Top 5 Lessons Learned from Reading “Lean In”

July 24th, 2017

ELA Member Nicole Kurut Shares Takeaways from Book Club

In 2017, the Emerging Leaders Alliance members agreed that they all wanted to take their professional development opportunities to the next level. After a few discussions about their wants and needs, they decided to take on the challenge of collectively reading four different professional development books that provided different insights into leadership. Each quarter the ELA members read a new book and ask regional leaders to sit on a panel to discuss how the books content applies to their work and give the ELA members insight into their own leadership and future plans.

The ELA also agreed that an important topic to cover is women in the workplace. They chose to read “Lean In: Women, Work, and the Will to Lead” by Sheryl Sandberg, Facebook’s current Chief Operating Officer (COO).

Panelists Sherilyn Emberton from Huntington University, Olivia Warner from Indiana Stamp and Seal, and Tony Stites from Barrett & McNagny lead the ELA members through several different topics discussed in the book.

ELA member Nicole Kurut shared the Top 5 Tips she learned from the book and the panelists.

1. You can’t have it all — balance starts at home by defining your limits.

Don’t be afraid to know your limits. Each person has a list of priorities in their life and work can’t always be number one. As a society we need to be more supportive of ourselves and coworkers as we all find a work and life balance.

2. Everyone has a dose of impostor syndrome.

With each step in our career, we are going to have a panicked “I can’t do this” moment — women especially suffer from this. You don’t need to know everything right now in order to flourish in future roles. As I get older, I have realized a lot of our managers don’t know the right answer to different questions. The important part is that you empower yourself to learn from situations as they arise and surround yourself with a great team who can give you honest feedback. 

3. Owning your success is key to achieving more success.

Sheryl talks about how women need to share each other’s successes and help promote each other within the workforce. But first, we need to get comfortable with sharing our personal successes with others. You are your best advocate — don’t wait for someone to notice how great you are, otherwise you could be waiting a while. Share your antidotes and career wins on social media and in the office every once and a while. There is no shame in success. 

4. Find a mentor.

I have always known how important it is to have a mentor, but it wasn’t until I read Sheryl’s personal successes of mentorship that I realized how underutilized this is in my life. We are lucky enough to have some great resources and leaders throughout several industries within Fort Wayne. Take a moment to sincerely invest time in finding the right mentor — your returns will be countless.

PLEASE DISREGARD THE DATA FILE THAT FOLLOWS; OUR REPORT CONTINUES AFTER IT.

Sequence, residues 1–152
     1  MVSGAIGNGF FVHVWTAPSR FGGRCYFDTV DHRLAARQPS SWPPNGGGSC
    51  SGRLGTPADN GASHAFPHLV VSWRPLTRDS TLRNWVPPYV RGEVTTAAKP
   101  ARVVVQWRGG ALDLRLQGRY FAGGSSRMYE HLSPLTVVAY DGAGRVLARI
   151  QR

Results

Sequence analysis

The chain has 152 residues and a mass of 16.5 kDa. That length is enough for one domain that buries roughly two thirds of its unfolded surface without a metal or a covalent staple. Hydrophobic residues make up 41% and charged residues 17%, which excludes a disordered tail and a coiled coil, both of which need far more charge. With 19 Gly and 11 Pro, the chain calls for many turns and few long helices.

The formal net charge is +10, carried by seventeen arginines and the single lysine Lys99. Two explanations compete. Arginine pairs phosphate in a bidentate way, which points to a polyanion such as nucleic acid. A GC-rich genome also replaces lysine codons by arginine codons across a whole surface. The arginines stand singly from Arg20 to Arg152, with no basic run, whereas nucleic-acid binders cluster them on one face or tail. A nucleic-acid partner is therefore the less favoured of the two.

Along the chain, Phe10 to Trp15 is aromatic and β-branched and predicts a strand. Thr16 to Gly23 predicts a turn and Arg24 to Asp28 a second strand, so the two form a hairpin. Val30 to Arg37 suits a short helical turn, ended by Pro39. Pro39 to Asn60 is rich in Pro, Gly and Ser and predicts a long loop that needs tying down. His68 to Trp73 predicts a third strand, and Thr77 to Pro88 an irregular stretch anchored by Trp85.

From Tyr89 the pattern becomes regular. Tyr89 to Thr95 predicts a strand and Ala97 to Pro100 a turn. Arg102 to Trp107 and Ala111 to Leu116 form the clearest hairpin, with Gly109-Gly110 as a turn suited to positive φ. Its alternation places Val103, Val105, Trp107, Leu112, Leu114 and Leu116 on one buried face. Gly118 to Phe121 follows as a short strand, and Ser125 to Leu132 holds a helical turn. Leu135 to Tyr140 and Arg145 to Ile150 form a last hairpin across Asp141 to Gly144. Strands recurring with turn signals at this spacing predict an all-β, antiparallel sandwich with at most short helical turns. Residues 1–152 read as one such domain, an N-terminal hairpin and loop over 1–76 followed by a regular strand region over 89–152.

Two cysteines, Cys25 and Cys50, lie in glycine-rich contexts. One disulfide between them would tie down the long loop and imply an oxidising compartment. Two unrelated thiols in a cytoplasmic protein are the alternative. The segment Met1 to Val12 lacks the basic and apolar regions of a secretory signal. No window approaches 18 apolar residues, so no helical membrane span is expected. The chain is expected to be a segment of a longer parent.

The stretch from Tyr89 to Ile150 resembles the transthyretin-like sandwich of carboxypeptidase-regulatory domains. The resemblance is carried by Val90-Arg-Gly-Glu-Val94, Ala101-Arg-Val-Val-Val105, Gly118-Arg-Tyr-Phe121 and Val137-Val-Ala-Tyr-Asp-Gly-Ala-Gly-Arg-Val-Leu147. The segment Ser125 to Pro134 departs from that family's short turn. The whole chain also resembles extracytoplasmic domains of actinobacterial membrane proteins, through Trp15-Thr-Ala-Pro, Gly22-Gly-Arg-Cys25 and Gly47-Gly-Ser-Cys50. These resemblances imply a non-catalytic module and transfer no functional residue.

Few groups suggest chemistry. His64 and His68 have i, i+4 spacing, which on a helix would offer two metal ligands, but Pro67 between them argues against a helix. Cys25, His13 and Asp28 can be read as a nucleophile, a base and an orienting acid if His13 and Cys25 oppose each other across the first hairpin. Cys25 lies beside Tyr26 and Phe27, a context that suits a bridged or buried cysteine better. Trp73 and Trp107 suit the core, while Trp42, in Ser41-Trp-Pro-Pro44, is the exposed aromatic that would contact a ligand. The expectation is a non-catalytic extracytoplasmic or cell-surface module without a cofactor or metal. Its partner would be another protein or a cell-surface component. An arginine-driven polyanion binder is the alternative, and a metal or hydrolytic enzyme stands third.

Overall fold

5. Find your path and your goals, not others.

The best way to wrap up the lessons from the book really revolves around this: don’t measure your career and life with other people’s rulers. There isn’t one golden path to you have to take in order to achieve your goals, and no one has the right to judge you for how quickly or slowly you take steps toward YOUR future. Sheryl suggests taking a moment to map out what you want your future to look like in the next 18 months and over the next couple of years — from there talk with a mentor and devise a realistic plan on how to achieve it. 

I found the book to be very impactful. I've tried reading it a few times since it debuted 2013, but I don’t think I was able to appreciate it until now. As I inch closer to 30, I have challenged myself to take a closer look at what my passions are and how to engage a career that allows me to fully live and embrace those endeavors, while also finding a work and life balance. 

My biggest take away from “Lean In” was you have the skills you need to succeed, so don’t be afraid to reach for what you want. During our book club meeting, we were joined by three community leaders who also read the book and shared their opinions. There we were surrounded by the head of a university, president of a company and partner at a firm and heard them talk about their own struggles of fighting the “you can’t do this" mentality by setting up a support system of mentors and family. Each of the panelists shared that at some point in their life they were faced with the impostor syndrome — the feeling that everyone is going to find out they didn’t know what you are doing — yet they have had extremely successful careers just by putting trust in their self and their team. As I move along in my career, it was very important to hear this from local leaders and know that all walks of life will face this dilemma at some point in their life. 

Overall, after reading this book and learning from the panel, I have already began applying these lessons into mapping out what my future could look like, but most of all, I have embraced the mentality of not letting fear deter me from my dreams. 

- By Nicole Kurut, ELA member